A Powerful Opening

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"I have been asked 'How are you feeling today?' while I was throwing up into a plastic washbasin. I have been asked as I was emerging from as four hour operation with a tube in every orfice, 'How are you feeling today?'
I am waiting for the moment when someone asks me this question and I am dead. I'm a little sorry I'll miss that." (Edson 5)

This was a really powerful beginning. Vivian took a simple greeting and showed how her doctors offered it without hesitation or thought to her situation. I wonder how often this really happens to people who are in Vivian's situation. I especially thought the last two lines of this quote were very powerful because they not only showed some sarcasm but also Vivian's disgust with how the doctors' and other hospital workers ask inappropriate questions when her feelings about the situation are obvious.

This part reminded me of when I was helping to make cards for a friend that had cancer at school. We were told we couldn't write anything like "Hope you feel better soon" or "Get well soon" because she was terminally ill. She wasn't going to feel better or get well soon. All we could write about was how we supported and cared about her. I think this is similar to Vivian's complaint about the "How are you feeling today?". Its obvious that at the moments she is being asked this she is in pain or sick, so why would the doctors even bother asking her that? Even simple phrases such as "Get well soon" or "How are you feeling" can be harmful when used in the wrong situation.

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Maddie Gillespie said:

Katie made an interesting comment on her blog about “W;t” having an exceptionally powerful opening. She wrote about the fact that Vivian made it a point of telling the reading about the numerous times that she was asked how she was feeling at a particular time when she obviously felt unwell. She went on to relate a personal story of when she came to recognize the fact that simply wishing someone to “Get well soon,” or “How are you feeling?” could be detrimental to their mental health in the wrong situation. As I was reading Katie’s blog, I remembered the last scene in the play where Jason comes in to check on Vivian for the very last time; finding her dead he immediately calls for a code team to try and revive her. When I looked over the dialogue in the beginning of this scene, I found it rather ironic that Jason says, “Professor Bearing. How are you feeling today?...” So you see? Someone really did ask her that while she was dead. I’m sure she was a little sorry that she missed it, but she was probably even more grateful that the pain had ended. Great blog!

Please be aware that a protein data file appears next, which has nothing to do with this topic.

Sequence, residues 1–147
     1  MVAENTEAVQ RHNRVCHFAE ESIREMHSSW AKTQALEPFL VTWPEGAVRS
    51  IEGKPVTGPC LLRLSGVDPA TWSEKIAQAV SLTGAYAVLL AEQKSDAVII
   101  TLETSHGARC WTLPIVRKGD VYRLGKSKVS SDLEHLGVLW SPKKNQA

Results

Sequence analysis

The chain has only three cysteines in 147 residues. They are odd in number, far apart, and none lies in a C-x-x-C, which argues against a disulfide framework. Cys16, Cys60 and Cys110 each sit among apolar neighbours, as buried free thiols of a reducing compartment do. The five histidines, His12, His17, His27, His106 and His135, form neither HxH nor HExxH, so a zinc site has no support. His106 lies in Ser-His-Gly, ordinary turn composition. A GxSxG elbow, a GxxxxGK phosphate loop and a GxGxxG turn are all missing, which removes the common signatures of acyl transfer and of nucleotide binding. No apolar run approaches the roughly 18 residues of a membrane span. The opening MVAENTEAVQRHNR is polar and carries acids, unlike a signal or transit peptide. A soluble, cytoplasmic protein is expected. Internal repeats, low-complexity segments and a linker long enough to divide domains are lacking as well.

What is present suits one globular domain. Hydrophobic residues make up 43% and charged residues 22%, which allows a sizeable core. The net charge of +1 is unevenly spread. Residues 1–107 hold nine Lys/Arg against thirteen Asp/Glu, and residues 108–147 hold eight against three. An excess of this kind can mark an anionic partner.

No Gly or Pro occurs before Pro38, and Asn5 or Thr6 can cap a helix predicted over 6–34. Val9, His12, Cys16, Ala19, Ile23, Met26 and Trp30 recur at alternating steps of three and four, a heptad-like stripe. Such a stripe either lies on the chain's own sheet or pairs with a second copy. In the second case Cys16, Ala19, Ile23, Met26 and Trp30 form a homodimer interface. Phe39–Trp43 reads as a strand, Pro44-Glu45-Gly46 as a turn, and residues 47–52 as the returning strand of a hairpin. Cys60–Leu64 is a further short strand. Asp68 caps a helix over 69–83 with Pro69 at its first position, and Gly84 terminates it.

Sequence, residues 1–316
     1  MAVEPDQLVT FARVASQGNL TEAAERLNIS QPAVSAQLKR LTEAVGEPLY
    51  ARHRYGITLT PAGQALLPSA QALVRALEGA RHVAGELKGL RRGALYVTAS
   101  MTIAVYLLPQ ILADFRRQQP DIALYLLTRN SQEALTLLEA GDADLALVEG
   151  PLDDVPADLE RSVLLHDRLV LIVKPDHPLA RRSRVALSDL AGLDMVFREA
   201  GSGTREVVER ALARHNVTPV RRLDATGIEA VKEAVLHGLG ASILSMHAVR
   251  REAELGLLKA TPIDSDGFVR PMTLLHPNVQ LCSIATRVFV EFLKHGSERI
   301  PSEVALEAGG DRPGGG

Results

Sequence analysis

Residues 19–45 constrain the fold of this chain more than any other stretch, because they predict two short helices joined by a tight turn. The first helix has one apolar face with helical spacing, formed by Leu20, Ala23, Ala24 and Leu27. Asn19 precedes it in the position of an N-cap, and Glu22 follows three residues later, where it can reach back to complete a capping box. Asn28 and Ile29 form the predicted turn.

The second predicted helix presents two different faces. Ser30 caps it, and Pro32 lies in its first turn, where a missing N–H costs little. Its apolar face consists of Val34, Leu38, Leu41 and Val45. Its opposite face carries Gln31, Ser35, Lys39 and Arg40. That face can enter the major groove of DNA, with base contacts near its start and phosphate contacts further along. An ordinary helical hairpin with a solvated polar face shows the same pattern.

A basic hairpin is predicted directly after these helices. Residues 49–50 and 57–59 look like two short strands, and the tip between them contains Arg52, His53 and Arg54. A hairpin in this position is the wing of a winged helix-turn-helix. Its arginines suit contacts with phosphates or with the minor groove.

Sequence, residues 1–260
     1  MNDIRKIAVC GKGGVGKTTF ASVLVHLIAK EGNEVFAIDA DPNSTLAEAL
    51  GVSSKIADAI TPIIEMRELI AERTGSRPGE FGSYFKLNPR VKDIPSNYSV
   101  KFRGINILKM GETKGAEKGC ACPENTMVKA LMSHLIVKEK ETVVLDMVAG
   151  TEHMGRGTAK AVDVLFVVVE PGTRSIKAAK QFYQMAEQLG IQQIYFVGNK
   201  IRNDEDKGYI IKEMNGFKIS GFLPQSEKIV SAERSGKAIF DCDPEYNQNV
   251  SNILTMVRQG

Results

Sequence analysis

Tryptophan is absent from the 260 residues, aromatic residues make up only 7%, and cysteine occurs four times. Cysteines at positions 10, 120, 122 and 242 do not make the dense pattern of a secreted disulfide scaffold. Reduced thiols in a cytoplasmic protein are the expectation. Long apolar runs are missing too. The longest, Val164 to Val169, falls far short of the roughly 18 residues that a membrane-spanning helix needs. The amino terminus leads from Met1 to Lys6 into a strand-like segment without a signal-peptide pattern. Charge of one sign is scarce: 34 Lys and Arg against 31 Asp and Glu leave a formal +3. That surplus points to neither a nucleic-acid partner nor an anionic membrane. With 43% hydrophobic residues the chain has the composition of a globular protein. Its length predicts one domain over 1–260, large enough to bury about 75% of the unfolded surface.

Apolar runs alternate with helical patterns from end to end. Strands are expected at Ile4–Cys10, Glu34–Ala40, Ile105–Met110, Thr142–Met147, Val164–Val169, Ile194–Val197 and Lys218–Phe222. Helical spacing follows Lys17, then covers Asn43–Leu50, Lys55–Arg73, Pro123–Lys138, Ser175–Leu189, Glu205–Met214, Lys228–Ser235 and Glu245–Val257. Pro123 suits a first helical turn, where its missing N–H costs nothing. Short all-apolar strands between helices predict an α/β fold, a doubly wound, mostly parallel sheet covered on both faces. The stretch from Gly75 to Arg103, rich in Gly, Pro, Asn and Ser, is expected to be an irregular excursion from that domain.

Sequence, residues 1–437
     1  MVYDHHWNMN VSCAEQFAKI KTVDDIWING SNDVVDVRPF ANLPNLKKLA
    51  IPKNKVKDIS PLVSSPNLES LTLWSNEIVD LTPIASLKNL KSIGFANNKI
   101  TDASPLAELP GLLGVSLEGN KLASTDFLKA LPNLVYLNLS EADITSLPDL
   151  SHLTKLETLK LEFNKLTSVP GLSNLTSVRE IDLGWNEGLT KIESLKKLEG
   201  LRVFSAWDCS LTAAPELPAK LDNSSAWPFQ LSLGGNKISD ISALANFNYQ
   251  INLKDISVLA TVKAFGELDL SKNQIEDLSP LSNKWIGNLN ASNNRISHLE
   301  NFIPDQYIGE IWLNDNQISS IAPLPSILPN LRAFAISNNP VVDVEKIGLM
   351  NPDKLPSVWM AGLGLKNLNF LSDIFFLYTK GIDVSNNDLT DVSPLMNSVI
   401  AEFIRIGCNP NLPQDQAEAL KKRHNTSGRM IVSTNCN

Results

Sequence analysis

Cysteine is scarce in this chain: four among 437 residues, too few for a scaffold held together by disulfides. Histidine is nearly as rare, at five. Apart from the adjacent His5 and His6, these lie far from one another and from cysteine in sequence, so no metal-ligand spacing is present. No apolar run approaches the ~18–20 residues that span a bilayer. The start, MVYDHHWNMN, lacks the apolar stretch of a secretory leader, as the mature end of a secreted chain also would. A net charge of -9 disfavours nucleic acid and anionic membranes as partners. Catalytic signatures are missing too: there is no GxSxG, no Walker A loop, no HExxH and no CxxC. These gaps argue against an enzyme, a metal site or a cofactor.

Maddie Gillespie said:

You were right about a powerful opening to this play. I found it rather ironic that Vivian said that someone would probably ask her how she was feeling when she was dead, and she was exactly right! Jason comes in the morning he discovers her dead, but just before he realizes that, he says, "Professor Bearing. How are you feeling today?..." Wonderful isn't it. You also retold a powerful personal story here too. Great job! It really allows your reader to put things in perspective. Great blog and good job.

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